Absent conversations

We all occasionally find ourselves in conversations where we have the strong impression that the other person — the one we’re talking to — doesn’t even listen. They have tuned out; they’re absent.

1. They are absent, of course, only in a metaphorical sense: for obviously, they are present physically; and they are not entirely disconnected mentally, either: they can return to full presence in no time, once there is something to interest them, or some other force to compel them back. What, then, does it mean, precisely, that they have become “absent”?

It’s not that easy to pinpoint where the parallel is here. For in contrast to a physically absent person, the interaction channels are still open: the other person still sees you, hears you, and may even (though in an “absent” way) respond to you.

2. So maybe it’s because they are absent “in thought”?

Could we perhaps say that, instead of paying attention to what you say, they are thinking about something else — typically something that is already past (e.g. something they experienced an hour ago, in traffic during rush hour), or something in the future (such as what they’re going to have for lunch; or simpler: what they intend to say next to you), or even something in their imagination entirely (such as what they dream they’d do if they were on vacation at the beach instead of speaking with you)?

Well, if drifting away in thought makes us “absent”, what does this metaphor tell us? First, we should notice that its formulation is actually misleading: most of the instances just given are not examples of thinking, but rather of imagining oneself elsewhere (in a different situation, i.e. in the past, future, or an imaginary place). They are instances of seeing something with the inner eye, of reliving experiences, often emotionally. Thinking, in contrast, is much more abstract — less immersive. So “drifting away in thought” is a misnomer: it would be better to say “drifting away in images” (not unlike an immersion in, say, a movie, a novel, or a video game).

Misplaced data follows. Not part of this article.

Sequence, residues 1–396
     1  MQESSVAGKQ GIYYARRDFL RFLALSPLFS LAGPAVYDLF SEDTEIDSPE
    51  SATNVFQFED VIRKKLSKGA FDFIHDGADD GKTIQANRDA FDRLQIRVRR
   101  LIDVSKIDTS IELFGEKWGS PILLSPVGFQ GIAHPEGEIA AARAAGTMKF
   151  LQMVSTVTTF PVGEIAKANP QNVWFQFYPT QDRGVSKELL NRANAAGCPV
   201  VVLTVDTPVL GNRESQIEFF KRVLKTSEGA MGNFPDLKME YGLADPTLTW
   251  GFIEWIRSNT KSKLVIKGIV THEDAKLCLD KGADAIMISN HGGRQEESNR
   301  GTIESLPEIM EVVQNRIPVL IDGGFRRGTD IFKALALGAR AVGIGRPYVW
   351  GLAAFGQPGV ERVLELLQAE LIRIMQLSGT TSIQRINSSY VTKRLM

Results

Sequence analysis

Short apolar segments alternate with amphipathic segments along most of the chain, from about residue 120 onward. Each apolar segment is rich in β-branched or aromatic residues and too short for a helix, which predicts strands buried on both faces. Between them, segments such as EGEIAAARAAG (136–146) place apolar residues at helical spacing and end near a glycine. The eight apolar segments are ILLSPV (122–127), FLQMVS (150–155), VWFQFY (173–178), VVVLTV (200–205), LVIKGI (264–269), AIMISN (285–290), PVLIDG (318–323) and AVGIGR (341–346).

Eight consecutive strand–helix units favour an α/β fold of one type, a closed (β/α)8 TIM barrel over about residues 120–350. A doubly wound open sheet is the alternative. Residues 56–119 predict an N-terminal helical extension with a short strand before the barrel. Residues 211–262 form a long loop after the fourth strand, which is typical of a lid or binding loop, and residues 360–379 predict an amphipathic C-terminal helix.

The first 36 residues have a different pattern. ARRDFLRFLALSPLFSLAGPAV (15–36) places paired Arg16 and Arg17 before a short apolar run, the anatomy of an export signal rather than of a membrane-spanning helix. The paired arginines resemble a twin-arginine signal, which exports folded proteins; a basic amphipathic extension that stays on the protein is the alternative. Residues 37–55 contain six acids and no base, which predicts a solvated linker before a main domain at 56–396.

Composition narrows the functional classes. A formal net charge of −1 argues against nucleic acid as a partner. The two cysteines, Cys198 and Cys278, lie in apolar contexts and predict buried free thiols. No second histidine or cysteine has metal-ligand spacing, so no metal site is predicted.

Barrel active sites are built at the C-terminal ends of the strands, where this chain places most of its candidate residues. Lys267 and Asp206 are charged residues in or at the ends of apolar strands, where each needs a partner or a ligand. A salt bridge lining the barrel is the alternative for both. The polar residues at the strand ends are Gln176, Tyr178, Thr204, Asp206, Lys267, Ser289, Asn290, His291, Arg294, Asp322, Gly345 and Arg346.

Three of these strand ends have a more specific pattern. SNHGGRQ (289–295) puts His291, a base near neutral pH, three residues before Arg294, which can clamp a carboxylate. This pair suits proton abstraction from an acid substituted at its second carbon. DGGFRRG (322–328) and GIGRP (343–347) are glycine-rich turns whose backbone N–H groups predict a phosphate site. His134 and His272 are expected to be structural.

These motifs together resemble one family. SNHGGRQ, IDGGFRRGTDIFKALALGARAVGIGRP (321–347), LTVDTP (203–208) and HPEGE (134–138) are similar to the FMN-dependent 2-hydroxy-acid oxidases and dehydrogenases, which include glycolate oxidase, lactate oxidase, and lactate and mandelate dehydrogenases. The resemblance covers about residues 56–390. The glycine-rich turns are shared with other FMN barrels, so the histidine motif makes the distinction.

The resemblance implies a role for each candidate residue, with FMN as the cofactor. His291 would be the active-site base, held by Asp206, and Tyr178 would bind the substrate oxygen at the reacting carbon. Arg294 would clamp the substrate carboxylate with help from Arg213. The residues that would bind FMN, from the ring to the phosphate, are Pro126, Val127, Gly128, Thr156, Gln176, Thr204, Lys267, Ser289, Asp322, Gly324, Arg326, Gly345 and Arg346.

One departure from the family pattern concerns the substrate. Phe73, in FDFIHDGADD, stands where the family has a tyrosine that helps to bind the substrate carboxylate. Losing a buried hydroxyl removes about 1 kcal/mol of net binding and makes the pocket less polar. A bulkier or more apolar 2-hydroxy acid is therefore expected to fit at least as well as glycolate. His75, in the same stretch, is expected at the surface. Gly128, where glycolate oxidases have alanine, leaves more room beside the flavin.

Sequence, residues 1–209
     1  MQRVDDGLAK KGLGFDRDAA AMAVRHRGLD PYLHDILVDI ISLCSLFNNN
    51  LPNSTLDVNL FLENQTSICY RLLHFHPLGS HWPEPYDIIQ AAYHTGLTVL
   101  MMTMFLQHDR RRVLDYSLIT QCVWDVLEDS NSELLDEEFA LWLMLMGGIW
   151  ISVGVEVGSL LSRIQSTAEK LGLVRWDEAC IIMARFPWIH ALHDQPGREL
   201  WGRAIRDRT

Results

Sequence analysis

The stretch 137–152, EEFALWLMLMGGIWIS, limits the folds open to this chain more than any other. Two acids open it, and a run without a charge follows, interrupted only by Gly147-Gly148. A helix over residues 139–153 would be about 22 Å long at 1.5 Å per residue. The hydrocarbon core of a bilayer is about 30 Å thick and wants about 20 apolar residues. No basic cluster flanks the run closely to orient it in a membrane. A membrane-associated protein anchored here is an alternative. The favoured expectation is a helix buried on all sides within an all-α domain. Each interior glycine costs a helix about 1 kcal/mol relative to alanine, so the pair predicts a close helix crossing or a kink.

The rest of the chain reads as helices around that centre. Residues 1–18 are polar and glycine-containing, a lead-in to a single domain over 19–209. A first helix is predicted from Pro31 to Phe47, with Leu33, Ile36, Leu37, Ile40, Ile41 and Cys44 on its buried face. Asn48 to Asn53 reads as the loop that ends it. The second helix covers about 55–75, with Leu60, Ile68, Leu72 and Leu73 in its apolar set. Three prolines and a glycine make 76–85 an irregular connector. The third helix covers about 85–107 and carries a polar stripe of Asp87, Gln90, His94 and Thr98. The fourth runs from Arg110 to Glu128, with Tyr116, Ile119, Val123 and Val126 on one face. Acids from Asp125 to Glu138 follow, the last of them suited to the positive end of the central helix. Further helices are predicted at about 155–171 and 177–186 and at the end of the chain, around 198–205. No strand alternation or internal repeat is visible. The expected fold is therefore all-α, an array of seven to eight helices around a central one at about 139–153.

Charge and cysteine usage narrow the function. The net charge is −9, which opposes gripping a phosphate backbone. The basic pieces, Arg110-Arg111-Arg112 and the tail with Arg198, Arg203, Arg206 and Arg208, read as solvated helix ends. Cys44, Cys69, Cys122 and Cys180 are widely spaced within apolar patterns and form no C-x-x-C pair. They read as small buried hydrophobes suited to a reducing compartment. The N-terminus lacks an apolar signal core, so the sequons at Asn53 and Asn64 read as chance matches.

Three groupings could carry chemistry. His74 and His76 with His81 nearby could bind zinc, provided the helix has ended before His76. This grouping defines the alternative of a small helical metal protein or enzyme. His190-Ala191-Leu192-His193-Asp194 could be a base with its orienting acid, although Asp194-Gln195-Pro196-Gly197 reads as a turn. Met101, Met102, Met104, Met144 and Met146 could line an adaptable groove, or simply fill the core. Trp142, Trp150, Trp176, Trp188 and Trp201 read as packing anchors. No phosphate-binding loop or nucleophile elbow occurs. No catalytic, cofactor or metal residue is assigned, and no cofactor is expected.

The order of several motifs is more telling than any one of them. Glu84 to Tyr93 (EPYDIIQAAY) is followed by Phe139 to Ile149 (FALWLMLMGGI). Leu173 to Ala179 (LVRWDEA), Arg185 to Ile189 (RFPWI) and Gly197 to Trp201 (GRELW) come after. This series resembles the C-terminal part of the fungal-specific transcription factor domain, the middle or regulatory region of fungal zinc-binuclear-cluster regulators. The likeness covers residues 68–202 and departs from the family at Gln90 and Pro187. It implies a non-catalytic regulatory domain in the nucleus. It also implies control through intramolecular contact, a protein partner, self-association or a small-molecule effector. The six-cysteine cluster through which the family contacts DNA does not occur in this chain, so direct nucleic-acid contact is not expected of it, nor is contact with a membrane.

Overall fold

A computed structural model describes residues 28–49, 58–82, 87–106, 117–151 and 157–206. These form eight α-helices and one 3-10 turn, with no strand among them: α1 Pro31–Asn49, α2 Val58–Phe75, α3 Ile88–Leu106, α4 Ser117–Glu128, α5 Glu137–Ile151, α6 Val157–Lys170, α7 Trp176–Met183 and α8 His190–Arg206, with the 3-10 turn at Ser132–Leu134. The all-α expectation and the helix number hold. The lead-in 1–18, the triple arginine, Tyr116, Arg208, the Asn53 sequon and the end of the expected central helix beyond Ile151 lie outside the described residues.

But, secondly, the formulation does pinpoint something important: we say that someone is metaphorically “absent” because their conscious mind is not present (i.e. not present in the conversation). They are not actively listening and understanding, but their awareness is on something else (even if it isn’t thought, but more likely images). It’s the soul of the absent conversation partner which has temporarily eluded the situation; or, to put it differently, the metaphor points to a difference in psychological dynamics: a psychological presence with the conversation vs. a psychological absence in images (memories, daydreams, etc.). Both presence and absence are poles in the metaphorical space here. And I think the main difference is that we associate (mental) presence with directed consciousness (awareness and active participation) and absence with unconsciousness (being swept away by the imagination or affect, being immersed in images).

3. Absent conversation partners, then, are a very light (and common) case of withdrawal from the external world into the psychic interior, a kind of tentative first step in what could become (if extended), a journey to the metaphorical underworld.

By Leif Frenzel

Leif Frenzel is a writer and independent researcher. He has a background in philosophy, literature, music, and information technology. His recent interest is Jungian psychology, especially synchronicities and the relationship between consciousness and the unconscious.

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